Facing the dreaded JUMBLE
This is the “J” installment of my “Alphabet for Leaders.”
Jumble means confused or disordered mass.
The need for clarity has a dangerous side.
You’re future certainly holds a jumbled mass. When you meet it, don’t jump too soon. If you can live with the frustration of jumbled thinking, you’ll eventually find great solutions. If you jump too soon for an answer, you’ll likely end up with shallow, short-term, unsatisfactory solutions.
What’s a leader to do with a jumbled mess?
Fight the inclination to jump on an answer too soon by slowing down. Welcome confusion as the context of discovery and dramatic breakthrough. With experience, you’ll learn to go beyond simply welcoming confusion to excitement. You’ll begin anticipating breakthroughs.
One the other hand, the organization, group, or team you lead isn’t comforted when you’re sinking into a jumbled disordered mass. Here are seven things to do or say when you don’t know what to do or say.
#1. Don’t pretend you have answers when you don’t. Feel free to identify with others who are frustrated by a jumbled up mess. However, don’t spend much time here.
#2. Express confidence your team can find solutions.
#3. Explain that making rash decisions is more dangerous than living with uncertainty.
#4. Identify and consult with experts. Your organization will find comfort when you explain you’re consulting with people who have found solutions to similar situations.
#5. Talk about certainties while facing a jumbled mess. However, be careful not to sound like you don’t understand current challenges.
#6. Establish an information time-line. Let everyone know when the next update comes out. In other words, take away as many points of confusion, uncertainty, and fear as possible.
#7. Be sober yet positive, serious yet confident.
What do you suggest leaders do or say when facing a jumbled mess? How do you help clients, volunteers, or employees face the jumble?
Jumble is a challenge and provides an opportunity to define structure.
And idea turns jumble into clarity. Clarity in terms of structure, strategy and process etc. The one who defines structure is a leader. And leadership journey start with structure i.e. vision, mission, objectives etc. At a juncture where leader does not have answer, he should not jump or make jugglery. In a difficult situation, he should judge and jettison unwanted burden so that he can make justice to himself and his followers. The job of leader is to turn junk ideas and people into action. He should create a platform where he and his followers can jump high.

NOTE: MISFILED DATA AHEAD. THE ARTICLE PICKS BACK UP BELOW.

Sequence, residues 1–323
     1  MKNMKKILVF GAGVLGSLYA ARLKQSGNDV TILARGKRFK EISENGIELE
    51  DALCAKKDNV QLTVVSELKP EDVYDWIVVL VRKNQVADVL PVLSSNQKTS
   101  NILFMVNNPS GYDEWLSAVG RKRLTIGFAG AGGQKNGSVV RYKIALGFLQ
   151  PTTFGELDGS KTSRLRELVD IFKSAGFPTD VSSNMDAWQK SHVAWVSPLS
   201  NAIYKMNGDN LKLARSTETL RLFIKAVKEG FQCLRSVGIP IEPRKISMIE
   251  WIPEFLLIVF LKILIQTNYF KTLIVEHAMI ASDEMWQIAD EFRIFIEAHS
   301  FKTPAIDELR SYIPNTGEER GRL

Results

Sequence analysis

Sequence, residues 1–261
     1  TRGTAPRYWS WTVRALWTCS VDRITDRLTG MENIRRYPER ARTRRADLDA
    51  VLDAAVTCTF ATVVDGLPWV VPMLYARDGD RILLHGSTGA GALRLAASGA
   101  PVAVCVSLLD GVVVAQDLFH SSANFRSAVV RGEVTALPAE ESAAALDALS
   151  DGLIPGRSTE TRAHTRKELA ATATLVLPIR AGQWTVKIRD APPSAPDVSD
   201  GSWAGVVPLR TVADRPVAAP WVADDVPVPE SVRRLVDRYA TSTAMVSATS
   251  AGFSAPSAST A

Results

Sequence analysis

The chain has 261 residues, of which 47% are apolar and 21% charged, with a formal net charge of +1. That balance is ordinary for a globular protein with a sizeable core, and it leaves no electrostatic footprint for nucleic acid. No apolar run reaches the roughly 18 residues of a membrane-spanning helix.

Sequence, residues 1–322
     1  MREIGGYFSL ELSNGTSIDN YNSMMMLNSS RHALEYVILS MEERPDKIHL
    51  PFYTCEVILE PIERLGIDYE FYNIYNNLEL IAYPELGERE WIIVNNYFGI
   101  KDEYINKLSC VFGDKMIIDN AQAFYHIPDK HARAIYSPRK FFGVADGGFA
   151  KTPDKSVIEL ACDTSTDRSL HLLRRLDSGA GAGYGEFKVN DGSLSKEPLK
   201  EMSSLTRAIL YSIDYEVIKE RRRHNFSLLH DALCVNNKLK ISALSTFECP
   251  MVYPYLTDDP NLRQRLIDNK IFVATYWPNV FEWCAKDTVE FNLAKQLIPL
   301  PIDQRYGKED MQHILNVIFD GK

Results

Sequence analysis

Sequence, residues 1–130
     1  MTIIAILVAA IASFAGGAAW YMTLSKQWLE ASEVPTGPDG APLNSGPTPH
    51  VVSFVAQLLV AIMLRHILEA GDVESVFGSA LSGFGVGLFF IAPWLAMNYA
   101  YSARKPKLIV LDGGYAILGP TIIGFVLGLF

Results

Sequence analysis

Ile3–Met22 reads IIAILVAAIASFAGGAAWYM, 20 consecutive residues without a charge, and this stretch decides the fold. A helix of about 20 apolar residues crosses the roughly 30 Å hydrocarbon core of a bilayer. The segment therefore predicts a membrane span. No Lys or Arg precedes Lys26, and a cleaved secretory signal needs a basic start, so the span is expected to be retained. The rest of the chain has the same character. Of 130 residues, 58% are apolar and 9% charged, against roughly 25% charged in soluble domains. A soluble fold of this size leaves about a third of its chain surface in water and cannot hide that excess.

So, people facing jumble should see it as an opportunity and find solution through ideas, experiences and efforts.
I struggled with the “J” word in this series but I see you sure didn’t! You took me on a junket of J’s.
Wonderful, creative comment.
Your addition of structure to the discussion of dealing with the dreaded jumble truly adds value to the conversation.
Ajay is a featured contributor. Read his bio at:
This topic and suggested actions make me think of the statement “the longest journeys start with a single step”. There are always obstacles, challenges, and maybe even some failure in your path. In my mind, the jumble is seeing what’s behind you, ahead, and the here now without focus – e.g. vision, mission, and strategy. It is overwhelming. A successful path forward is comprised of individual steps though – each one as important as the last, each one capable of setting a new direction. I am impressed when leaders pause and consider options and are not forced to jump by powers beyond their control. I suppose this is the platform described in an earlier response. Maybe, thats all you get – platform to work from, a piece of ground that can be taken, then given away as the next piece is taken on the path forward.
Kaboom! Focus = Vision/mission/strategy! It’s true in my own life. Vision helps me know when to say yes and enables me to say no. Having clear mission/vision truly makes a positive difference when faced with the JUMBLE.
Great advice. I appreciate your blog and quotes
You wrote: “Fight the inclination to jump on an answer too soon by slowing down. Welcome confusion as the context of discovery and dramatic breakthrough. With experience, you’ll learn to go beyond simply welcoming confusion to excitement. You’ll begin anticipating breakthroughs.”
I love this! I also think others have, and will, address what it takes to bring order to the team or organization strategy, vision, mission, structure, process, etc. But the critical success factor that “Jumble” gets at is the internal state of the leader.
You are bound to find yourself in the middle of a mess from time to time. “How will you be?” may be more important than “What will you do?” We all face issues that have to potential to make us less effective in helping others become more effective. The jumble can throw us off our game, off Purpose, and out of our best Identity, picking up from your post yesterday.
Those jumbled messes are the fires we end up fighting from time to time, either because someone did something or did not do something. Larry Dressler teaches us we must “Stand(ing) in the Fire” in his book by the same name. He is writing to professional facilitators, but I believe his book has equal value for day-to-day leaders. The subtitle is “Leading high-heat meetings with clarity, calm and courage.”